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prince charles, the prince of wales, a short time ago here at his home, highgrove in gloucestershire, paying tribute to his late father, prince philip. and also expressing gratitude to the people of the country and the commonwealth for the outpouring of emotion, the tributes that have been paid in the last 2a hours or so. much has been said over many years aboutjust how different these two men were, father and son, very different characters. we know that in the past there have been differences and sometimes some contradictions between them. and yet what strikes you when you are here is the similarities between them as well, the fact they shared so many interests and passions. this is where prince charles comes to enjoy farming and wildlife, conservation, even polo, which are used to play. all passions which prince philip also enjoyed. so you get a sense of
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that connectivity between the generations, just as we heard a son talking in a personal capacity about the loss of his father. and the overriding sense in that statement from the prince of wales of gratitude, to the public and also what he described as what his father would have thought about the way people were now paying tribute to him, and speaking so fondly. today, gun salutes took place to mark the duke's death across the whole of the uk, in gibraltar and from navy warships at sea. batteries fired 41 rounds, one every minute. prince philip — who died yesterday aged 99 — served as a naval officer during the second world war. 0ur royal correspondent, nicholas witchell reports. check the breach! at midday in the four nations of the united kingdom, 41 gun salutes sounded in tribute to the duke. fire! gunshots.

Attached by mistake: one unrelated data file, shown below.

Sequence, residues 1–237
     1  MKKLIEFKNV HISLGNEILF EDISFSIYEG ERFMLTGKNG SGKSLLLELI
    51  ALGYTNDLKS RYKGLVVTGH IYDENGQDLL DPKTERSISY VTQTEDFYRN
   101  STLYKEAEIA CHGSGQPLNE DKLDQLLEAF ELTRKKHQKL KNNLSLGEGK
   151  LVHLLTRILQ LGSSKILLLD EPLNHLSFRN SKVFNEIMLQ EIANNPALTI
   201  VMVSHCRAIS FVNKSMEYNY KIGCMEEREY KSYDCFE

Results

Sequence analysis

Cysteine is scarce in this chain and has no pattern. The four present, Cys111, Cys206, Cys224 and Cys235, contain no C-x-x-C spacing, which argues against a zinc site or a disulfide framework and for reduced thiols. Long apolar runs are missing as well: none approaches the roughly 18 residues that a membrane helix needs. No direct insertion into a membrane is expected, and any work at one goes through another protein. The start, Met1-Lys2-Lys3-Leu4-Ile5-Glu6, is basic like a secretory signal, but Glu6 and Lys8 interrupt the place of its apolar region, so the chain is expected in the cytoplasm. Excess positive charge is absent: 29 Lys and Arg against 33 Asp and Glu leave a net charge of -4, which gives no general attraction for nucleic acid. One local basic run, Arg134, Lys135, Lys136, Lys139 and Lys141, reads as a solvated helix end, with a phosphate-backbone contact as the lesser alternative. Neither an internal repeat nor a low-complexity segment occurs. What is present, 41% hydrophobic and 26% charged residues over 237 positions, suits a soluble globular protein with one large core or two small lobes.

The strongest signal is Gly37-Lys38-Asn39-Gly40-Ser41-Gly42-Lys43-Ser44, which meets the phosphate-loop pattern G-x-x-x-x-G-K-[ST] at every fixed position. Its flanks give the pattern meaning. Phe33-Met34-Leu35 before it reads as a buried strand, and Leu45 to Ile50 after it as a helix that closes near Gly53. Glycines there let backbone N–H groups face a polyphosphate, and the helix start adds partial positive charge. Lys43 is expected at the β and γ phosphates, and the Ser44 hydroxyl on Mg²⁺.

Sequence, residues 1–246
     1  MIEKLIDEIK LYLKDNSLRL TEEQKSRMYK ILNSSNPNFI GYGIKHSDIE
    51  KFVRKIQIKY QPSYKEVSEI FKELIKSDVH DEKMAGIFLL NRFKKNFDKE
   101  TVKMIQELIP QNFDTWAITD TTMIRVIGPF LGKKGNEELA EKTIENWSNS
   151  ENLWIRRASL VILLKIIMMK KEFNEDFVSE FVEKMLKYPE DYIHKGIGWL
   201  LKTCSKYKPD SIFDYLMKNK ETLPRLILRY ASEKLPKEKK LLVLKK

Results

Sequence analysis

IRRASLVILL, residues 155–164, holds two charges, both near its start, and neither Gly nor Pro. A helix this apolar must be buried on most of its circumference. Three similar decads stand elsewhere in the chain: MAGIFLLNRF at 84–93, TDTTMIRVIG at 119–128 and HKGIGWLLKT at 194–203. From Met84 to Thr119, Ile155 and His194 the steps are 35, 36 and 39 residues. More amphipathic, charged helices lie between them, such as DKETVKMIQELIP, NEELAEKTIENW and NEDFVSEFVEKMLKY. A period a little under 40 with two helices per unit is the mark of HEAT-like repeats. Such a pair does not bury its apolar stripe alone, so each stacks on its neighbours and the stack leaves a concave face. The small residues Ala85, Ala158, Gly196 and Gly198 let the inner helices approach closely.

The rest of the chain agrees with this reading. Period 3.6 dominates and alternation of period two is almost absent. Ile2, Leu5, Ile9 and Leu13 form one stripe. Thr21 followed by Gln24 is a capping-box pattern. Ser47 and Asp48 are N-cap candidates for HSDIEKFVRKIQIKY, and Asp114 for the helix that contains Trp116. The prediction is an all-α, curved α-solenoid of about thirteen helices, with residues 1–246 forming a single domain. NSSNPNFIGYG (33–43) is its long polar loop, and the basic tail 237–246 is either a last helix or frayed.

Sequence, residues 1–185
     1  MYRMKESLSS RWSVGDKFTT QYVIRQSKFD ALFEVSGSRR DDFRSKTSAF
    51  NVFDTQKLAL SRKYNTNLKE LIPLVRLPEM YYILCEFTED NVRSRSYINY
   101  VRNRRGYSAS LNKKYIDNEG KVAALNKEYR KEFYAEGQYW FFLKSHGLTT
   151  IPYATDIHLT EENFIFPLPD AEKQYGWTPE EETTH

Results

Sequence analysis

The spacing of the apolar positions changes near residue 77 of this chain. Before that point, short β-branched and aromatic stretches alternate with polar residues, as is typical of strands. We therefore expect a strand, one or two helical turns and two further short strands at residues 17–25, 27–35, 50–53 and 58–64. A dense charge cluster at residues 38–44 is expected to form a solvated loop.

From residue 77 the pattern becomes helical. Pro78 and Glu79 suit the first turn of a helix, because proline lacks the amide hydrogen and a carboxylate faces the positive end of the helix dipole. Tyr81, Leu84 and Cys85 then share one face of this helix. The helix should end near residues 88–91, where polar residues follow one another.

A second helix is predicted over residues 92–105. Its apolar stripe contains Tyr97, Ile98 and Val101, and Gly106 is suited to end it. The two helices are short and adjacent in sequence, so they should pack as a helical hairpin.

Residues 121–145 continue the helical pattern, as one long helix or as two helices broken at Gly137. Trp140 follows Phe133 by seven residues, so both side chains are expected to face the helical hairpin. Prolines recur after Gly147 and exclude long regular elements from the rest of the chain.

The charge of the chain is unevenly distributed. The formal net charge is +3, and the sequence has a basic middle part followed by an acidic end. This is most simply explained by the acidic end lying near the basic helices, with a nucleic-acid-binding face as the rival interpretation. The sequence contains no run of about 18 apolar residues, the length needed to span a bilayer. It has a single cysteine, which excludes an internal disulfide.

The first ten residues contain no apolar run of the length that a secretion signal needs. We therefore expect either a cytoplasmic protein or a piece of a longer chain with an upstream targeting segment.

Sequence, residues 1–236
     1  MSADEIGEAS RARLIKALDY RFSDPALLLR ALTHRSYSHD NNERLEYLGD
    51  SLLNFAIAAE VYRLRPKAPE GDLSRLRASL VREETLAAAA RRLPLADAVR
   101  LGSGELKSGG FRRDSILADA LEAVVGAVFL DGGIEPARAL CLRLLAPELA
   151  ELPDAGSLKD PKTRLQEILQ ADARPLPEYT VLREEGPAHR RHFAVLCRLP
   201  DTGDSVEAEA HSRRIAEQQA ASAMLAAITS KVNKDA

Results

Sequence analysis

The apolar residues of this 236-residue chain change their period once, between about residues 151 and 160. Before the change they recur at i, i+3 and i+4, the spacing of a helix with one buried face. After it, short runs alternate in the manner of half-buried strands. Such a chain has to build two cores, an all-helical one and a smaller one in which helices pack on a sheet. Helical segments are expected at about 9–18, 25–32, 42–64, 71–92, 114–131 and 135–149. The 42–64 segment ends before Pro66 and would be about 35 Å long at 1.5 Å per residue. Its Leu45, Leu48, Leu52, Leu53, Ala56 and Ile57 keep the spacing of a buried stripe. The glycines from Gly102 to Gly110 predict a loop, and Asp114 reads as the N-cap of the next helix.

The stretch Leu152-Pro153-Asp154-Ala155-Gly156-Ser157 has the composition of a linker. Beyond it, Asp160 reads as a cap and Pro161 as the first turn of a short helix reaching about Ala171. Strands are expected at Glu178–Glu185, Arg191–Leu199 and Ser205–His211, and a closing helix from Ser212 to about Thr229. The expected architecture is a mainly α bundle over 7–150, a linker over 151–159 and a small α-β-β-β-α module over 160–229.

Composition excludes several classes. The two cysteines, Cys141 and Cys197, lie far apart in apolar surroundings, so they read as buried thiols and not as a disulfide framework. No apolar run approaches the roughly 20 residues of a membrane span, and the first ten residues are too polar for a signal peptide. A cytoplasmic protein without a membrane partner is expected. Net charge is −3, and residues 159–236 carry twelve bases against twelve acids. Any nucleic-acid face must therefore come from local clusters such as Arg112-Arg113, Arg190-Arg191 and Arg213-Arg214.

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0ne, fire! gunshots. and, for a man who served in the royal navy in the second world war and later, guns were fired in tribute aboard several warships... fire! gunshot. ..and in gibraltar, home to the royal navy's gibraltar squadron. at windsor castle, the earl of wessex arrived with his wife to join the queen in the family's mourning as officials put the finishing touches to the plans for the duke's funeral. it will take place at three o'clock next saturday afternoon at st george's chapel inside windsor castle. no part of the funeral will be accessible to the public. the duke's coffin will be borne in a ceremonial procession from the castle�*s state apartments to the chapel. the coffin will be borne on a land rover, which the duke helped to design. members of the royal family
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will walk behind the coffin. there will be a national one—minute silence when the coffin reaches the chapel at three o'clock. inside the chapel, the congregation will be limited to 30 in strict compliance with covid regulations. members of the public are being discouraged from going to windsor. "the best place to watch it all will be on television," said a palace spokesman. for the royalfamily, it is a period of mourning, and from the family, in a bbc programme broadcast last night, personal tributes have been paid by three of the duke's children. his energy was astonishing. in supporting my mama and doing it for such a long time. and, in some extraordinary way, being able to go on doing it for so long. his appreciation of how he could help the queen always seemed to be present